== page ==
View All Photos

Bekele Heye

Photo courtesy of the General Conference of Seventh-day Adventists Archives.

Heye, Bekele (1933–1998)

By Temesgen Bulti

×

Temesgen Bulti

First Published: March 22, 2021

Bekele Heye was a prominent African Adventist Church leader for over thirty years. He served the Church as a teacher, dean of students, union departmental secretary, union president, division department secretary, and division president.1

Early Years

Bekele Heye was born to Heye Birra Boba and Beyenech Gurmu Ero2 in Kalala Village in the outskirt of Addis Ababa, Ethiopia, in 1933.3 Bekele was the only child of his farmer parents. His mother had a difficult labor that forced the family to bring her to Finfine, not far from where the Ethiopian Union Mission office is now situated, in pursuit of a traditional “midwife.” Bekele’s mother successfully delivered a healthy baby boy, however, the process apparently precluded further childbearing.4 The young Bekele lived in Kalala Village until he was about nineteen years of age, helping his parents with farming. He did not attend school during this time.

Teklehaymanot Kelecha, one of the eminent veteran pastors in the early work of the Adventist Church in Southern Ethiopia, was Bekele Heye’s paternal uncle. At the time, Teklehaymanot was working at Kuyera, Shashamane, where Ethiopia Adventist College was under development. Teklehaymanot offered to take his nephew, Bekele Heye, to Kuyera so that the latter could begin formal education.5 Bekele’s father was not comfortable with the proposal. He wanted Bekele to stay at home and take care of the family’s property as the future heir. However, Bekele’s mother, a progressive woman, insisted that her son receive a formal education by going to Kuyera with his uncle. Before long, Bekele accepted the Adventist message and was baptized. Partly because of his age and partly because of his genius, Bekele Heye completed elementary, middle, and high school education in a short time, graduating in 1958.6

Family and Further Education

Bekele Heye was hired as a teacher at Kuyera Adventist School after his graduation from high school. He worked with his close friend and brother-in-law-to-be, Fekede Gemechu (now Dr. Fekede Gemechu), from Gimbie, Wollega Province. Haregewoyine Gemechu Kumsa arrived at Kuyera in 1958 to stay with her brother, Fekede, while she pursued her education. Before long, Bekele and Haregewoyine fell in love and were married on August 14, 1960, at Kuyera Adventist Church, Shashamane.7

Just one month later, in September 1960, the newlyweds received scholarships to attend Newbold College in England, where Bekele earned a Batchelor of Arts in theology in 1964. Newbold was not only a place of education, but also of child rearing for Bekele and Haregewoyine. Three of their four children were born there, Yared Bekele in October 1961, Aser Bekele in October 1962, and Sofia Bekele in July 1964. The youngest child of the family, Yafet Bekele, was born in Addis Ababa, Ethiopia, in December 1965. Obviously, the growing size of the family had its economic bearing on the couple, though Bekele’s tuition was taken care of by the Church. Caring for her young children caused Haregewoyine to forfeit her education. Bekele covered the family’s expenses by canvasing in Sweden and Norway during his summer vacation.8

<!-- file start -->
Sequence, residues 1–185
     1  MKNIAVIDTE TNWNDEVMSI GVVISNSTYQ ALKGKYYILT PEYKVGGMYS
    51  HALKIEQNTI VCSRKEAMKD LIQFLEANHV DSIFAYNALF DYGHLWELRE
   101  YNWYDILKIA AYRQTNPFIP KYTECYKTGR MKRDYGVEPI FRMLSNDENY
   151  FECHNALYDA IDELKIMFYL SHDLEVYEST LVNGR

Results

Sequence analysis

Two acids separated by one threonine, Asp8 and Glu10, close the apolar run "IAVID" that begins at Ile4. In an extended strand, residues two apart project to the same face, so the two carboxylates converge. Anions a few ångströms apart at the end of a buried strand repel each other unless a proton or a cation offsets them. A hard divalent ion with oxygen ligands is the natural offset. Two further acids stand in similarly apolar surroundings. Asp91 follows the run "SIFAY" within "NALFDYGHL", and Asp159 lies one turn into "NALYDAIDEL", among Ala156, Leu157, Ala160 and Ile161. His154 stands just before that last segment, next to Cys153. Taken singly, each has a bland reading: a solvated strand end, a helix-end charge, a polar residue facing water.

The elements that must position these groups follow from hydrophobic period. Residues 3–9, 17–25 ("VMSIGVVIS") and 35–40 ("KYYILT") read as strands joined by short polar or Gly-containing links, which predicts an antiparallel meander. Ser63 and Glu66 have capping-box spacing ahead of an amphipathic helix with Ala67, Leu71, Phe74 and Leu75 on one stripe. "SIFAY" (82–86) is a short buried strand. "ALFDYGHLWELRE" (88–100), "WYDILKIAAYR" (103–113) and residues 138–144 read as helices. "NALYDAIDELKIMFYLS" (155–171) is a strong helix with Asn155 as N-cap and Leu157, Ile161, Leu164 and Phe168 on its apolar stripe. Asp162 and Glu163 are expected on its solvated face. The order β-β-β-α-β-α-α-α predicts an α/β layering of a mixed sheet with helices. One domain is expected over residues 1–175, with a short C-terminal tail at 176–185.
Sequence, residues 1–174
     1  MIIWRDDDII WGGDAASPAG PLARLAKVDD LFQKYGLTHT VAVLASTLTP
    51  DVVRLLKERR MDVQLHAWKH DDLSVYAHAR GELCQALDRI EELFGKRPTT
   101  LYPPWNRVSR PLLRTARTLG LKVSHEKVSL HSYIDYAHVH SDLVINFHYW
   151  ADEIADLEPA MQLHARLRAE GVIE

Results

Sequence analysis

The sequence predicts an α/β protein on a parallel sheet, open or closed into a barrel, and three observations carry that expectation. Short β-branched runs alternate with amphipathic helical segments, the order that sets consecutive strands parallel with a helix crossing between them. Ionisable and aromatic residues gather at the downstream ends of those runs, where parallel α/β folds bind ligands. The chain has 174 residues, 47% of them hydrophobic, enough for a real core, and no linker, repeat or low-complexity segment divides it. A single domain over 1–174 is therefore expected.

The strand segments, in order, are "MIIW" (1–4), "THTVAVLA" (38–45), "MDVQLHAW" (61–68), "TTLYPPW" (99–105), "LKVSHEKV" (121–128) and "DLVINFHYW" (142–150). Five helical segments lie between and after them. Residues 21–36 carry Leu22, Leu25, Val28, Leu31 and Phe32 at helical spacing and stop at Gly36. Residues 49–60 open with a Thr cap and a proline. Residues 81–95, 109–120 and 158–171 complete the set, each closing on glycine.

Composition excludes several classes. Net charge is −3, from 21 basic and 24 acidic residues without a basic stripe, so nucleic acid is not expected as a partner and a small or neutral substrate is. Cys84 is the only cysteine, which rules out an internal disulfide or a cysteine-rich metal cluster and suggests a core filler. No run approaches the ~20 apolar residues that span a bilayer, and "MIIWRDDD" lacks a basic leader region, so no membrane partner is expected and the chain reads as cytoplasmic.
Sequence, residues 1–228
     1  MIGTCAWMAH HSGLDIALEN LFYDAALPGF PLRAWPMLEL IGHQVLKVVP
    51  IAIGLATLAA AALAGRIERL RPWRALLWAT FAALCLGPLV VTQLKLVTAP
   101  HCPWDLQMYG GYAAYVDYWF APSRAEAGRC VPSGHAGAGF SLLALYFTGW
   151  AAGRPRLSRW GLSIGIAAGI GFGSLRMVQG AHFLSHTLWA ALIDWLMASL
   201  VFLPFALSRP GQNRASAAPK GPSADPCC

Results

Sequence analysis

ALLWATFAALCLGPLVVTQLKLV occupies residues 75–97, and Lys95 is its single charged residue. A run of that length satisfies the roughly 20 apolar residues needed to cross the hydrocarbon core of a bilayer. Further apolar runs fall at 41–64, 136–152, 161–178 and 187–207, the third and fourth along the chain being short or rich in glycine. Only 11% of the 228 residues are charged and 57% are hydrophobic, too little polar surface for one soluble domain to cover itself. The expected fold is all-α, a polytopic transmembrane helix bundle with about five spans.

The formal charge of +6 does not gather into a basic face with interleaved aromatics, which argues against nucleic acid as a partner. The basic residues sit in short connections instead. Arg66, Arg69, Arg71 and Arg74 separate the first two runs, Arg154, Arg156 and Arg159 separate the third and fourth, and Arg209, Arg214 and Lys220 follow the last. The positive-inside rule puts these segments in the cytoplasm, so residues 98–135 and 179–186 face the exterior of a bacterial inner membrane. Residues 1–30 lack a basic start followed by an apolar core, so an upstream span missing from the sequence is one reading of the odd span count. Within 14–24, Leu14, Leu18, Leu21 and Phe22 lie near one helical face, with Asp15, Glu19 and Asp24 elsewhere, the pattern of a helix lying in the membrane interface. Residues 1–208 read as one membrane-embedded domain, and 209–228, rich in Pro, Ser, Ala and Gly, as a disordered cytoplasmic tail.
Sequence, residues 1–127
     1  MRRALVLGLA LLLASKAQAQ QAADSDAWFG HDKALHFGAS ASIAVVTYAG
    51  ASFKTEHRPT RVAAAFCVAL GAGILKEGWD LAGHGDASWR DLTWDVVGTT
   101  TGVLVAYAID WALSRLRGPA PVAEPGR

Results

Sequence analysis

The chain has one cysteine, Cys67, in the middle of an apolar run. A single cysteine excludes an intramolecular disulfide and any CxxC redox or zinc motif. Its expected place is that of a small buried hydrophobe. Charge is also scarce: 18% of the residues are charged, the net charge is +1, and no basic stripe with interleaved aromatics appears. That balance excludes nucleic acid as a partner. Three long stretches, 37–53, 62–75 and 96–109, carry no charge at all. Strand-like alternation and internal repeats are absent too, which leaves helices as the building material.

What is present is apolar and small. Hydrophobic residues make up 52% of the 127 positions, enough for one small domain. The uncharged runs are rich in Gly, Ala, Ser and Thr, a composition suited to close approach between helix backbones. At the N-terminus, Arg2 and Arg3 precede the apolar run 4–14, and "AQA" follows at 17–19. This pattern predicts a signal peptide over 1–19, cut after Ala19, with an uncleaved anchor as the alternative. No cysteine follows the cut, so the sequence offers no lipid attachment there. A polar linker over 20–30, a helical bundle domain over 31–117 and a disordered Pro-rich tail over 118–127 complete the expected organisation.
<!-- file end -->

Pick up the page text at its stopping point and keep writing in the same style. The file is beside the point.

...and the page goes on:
After graduation from Newbold, Bekele Heye and his family returned to Ethiopia to serve at Ethiopia Adventist College. Bekele served the college as dean of students. However, his ministerial calling was well recognized, and he was ordained to the gospel ministry in 1967 at the Ethiopian Union Mission headquarters in Addis Ababa. In the same year, the family moved to Addis Ababa where Bekele was called to serve as the Sabbath School department secretary of Ethiopia Union Mission. He served in this capacity until September 1969 when he received a post-graduate scholarship to Andrews University in Berrien Spring, Michigan, United States. Bekele Heye completed his Master of Arts degree in religion at Andrews University in less than a year, graduating in June 1970.9

Before returning to his country, Bekele attended the 1970 General Conference Session in Atlantic City, New Jersey, United States, where he was elected Sabbath School department secretary for the Afro-Mideast Division. This made him the first African to hold a division departmental position in the Adventist Church. Bekele Heye served in this position for five years, residing in Beirut, Lebanon, for five years.10

Service as Ethiopia Union President

In 1975, Bekele was elected Ethiopia Union Mission president—the first Ethiopian to hold that position. The five years of his union leadership (1975-1980) were executed in an unfavorable national political climate that made his work very difficult. Until 1974, the Church enjoyed Emperor Hailesellasies’ friendly relationship.11 However, the monarch was overthrown in 1974 by the socialist regime under the leadership of Mengistu Hailemariam. Many churches were closed down across the country. Christians, particularly Protestant Christians including Seventh-day Adventists, went through severe persecution. Many church-owned institutions, including Empress Zewuditu’s Hospital in Addis Ababa City, were confiscated. Missionaries were forced to leave the country. Bekele Heye was summoned twice to the office of President Mengistu. Fortunately, he was not imprisoned.